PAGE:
Retail: working on the shop floor

Retail: working on the shop floor

By J&C Team

Department stores, supermarkets, online boutiques: the retail industry has never been so diverse. Accounting for around 10% of all UK employment, it’s a major part of our economy and, despite recessions, looks set to continue to thrive.

When it comes to career paths in the retail industry, options are manifold. From apprenticeships to graduate programmes, everyone is welcome – especially those who are online-savvy (owing to the growth of online retail platforms). This diversity and sheer breadth of people defines the retail environment itself – which of course is all about people, like you and me. As the old adage dictates ‘the customer always knows best’ and, with that motto in mind, climbing the rungs of the retail career ladder will prove less of a mad trolley dash and more of a structured shopping spree.

Those who work on the shop floor are the lifeblood of the retail industry: from Sales Advisors to Chilled Food Operatives to Bakers making fresh bread each and every day. Without these employees the British public wouldn’t be able to do their weekly shop, indulge in some retail therapy or kit out their new home.

Working in-store comes with a myriad of benefits: one in particular is the flexibility of work available. Retail is home to teenagers looking for a Saturday job, to students requiring shifts when they return home from university, to mums seeking to return to work (but who still need to be back in time to pick up the kids from school), and of course a multitude of full-time employees. With many stores and supermarkets open 12-hour days (or more), shift work is common – both for day work as well night shifts (especially for supermarkets open 24 hours a day). Another benefit, which for many people may not immediately spring to mind, is the useful staff discounts provided by many roles: 20% off your weekly shop can really help the budget!

Sales Advisors

This role is one entirely centred on the customer. The Sales Advisor’s role is to ensure the customer is provided with all the help they require, as well as given consultative advice (if they need it) and is of course encouraged to purchase from the shop. People skills are therefore essential, as is a cheery demeanour and can-do attitude.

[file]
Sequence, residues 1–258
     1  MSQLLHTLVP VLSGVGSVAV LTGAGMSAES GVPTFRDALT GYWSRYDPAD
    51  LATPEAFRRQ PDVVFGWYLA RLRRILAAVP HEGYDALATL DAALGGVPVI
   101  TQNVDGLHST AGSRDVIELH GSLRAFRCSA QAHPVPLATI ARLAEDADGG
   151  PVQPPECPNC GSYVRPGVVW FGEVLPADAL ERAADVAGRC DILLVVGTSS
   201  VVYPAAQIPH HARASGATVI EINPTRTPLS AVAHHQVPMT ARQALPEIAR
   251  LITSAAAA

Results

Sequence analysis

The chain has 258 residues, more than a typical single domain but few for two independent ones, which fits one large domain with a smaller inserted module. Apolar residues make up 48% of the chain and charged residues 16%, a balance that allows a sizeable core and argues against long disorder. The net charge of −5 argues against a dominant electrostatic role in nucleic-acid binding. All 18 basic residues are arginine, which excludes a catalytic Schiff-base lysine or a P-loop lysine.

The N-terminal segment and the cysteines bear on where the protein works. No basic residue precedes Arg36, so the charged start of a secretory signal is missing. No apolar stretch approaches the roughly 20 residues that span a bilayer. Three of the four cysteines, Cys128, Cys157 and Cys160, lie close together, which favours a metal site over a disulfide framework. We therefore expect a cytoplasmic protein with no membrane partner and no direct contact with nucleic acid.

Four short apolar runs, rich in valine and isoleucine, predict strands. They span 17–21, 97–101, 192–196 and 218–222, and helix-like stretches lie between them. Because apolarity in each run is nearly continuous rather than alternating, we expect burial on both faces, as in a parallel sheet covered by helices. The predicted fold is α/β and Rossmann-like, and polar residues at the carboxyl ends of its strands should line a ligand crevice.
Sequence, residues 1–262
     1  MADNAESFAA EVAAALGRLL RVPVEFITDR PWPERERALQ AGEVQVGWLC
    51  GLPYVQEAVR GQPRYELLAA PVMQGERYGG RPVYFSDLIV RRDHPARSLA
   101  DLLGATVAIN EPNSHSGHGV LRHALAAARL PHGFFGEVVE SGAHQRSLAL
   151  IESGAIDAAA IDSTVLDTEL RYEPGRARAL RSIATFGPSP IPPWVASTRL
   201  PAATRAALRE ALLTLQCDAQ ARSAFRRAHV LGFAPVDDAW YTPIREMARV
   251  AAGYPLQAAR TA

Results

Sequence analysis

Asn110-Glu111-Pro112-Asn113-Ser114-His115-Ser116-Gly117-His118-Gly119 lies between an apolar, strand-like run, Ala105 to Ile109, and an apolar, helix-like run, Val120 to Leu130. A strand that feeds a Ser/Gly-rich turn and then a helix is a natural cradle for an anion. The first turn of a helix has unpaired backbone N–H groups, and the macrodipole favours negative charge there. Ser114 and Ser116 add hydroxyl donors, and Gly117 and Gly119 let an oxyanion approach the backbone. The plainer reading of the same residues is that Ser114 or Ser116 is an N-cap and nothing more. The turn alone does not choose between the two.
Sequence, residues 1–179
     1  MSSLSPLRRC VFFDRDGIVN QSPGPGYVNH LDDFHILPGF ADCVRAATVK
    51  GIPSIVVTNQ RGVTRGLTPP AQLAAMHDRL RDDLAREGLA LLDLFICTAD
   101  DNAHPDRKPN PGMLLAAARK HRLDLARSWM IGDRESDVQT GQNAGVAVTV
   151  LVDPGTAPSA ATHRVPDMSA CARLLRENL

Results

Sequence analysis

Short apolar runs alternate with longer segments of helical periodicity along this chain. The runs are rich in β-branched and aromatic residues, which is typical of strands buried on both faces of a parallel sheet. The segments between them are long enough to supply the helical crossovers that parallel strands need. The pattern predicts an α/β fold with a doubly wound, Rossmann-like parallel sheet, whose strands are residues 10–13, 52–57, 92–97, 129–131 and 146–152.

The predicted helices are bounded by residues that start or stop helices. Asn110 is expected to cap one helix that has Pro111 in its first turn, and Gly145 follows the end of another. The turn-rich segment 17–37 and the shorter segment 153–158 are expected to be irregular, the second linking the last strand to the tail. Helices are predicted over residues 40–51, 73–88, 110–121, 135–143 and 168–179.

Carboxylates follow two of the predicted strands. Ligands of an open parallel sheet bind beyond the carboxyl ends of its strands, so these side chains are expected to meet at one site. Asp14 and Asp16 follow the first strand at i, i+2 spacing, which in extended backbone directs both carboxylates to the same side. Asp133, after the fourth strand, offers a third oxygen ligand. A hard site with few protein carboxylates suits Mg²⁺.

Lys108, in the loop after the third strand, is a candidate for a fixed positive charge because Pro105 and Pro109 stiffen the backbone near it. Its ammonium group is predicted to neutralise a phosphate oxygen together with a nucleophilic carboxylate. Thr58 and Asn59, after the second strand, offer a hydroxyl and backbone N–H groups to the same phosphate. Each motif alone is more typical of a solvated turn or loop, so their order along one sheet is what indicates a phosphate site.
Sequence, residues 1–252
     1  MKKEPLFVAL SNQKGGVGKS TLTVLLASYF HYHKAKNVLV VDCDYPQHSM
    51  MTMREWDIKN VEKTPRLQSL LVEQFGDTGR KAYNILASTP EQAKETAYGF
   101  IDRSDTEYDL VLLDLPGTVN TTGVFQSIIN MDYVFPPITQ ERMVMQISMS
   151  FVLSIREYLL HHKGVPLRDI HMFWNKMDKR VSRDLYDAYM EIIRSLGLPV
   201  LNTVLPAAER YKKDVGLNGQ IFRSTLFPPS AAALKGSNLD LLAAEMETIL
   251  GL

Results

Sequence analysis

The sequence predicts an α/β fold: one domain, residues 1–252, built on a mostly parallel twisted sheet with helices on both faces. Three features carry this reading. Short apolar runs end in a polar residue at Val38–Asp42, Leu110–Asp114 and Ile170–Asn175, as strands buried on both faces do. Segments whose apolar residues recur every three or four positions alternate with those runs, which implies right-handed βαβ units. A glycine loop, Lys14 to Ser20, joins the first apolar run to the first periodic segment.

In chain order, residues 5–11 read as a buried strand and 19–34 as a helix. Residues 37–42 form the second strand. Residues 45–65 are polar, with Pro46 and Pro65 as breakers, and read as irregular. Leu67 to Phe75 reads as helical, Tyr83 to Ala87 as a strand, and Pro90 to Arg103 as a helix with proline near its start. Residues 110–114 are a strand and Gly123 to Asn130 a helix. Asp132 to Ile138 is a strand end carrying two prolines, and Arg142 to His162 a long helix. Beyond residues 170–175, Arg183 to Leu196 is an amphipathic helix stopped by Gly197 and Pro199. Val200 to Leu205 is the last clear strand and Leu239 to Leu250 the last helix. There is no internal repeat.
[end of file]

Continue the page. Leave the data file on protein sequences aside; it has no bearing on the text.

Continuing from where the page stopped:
Depending upon the role, previous retail experience is generally desired – whether this has been accrued in a part-time or temporary position. The role of Sales Advisor can vary from shop to shop: in some positions, you will be paid a yearly salary, and be expected to help customers when they require it, work on the till serving them directly, or ensure the store is kept tidied and fully stocked. Other roles, however, may place more emphasis on the sales aspect of the title: here you have the opportunity to earn commission on each sale that you make. This means that although your basic salary may be lower than in a non-commission-based role, you’ll have the chance to supplement this with sale-based commission and sometimes bonuses (for hitting targets). For this type of job then, you’ll need to be able to persuade customers to make purchases, and accommodate their needs to ensure you make regular sales.


Managers are tasked with ensuring a store runs efficiently and is as profitable as it possibly can be. To become a Manager or Assistant Manager in retail, you’ll need experience of looking after a team of Sales Advisors in a supervisory or managerial position. Managers are responsible for making sure the best possible customer service is delivered not only by themselves, but also by their team of staff – and so motivating and coaching your team to meet sales targets is often a key aspect of such a role.

Store Managers are often customers’ first port of call – good and bad – so you’ll need to be prepared to dilute problems and appease angry customers, and advise and assist in a friendly manner (sometimes all at the same time!). But it’s not only shop-floor duties that fall at the door of Manager: training and development, data analysis of sales, organising special promotions and interpreting trends can all be part and parcel of the job. But with this breadth of responsibility comes reward of course – so if you’ve got plenty of retail experience and irrepressible team spirit, this could be right up your aisle.

Words: Jessie Bland

Image: Shutterstock

[This article was originally printed in Jobs & Careers with Hilary Devey magazine in May 2013]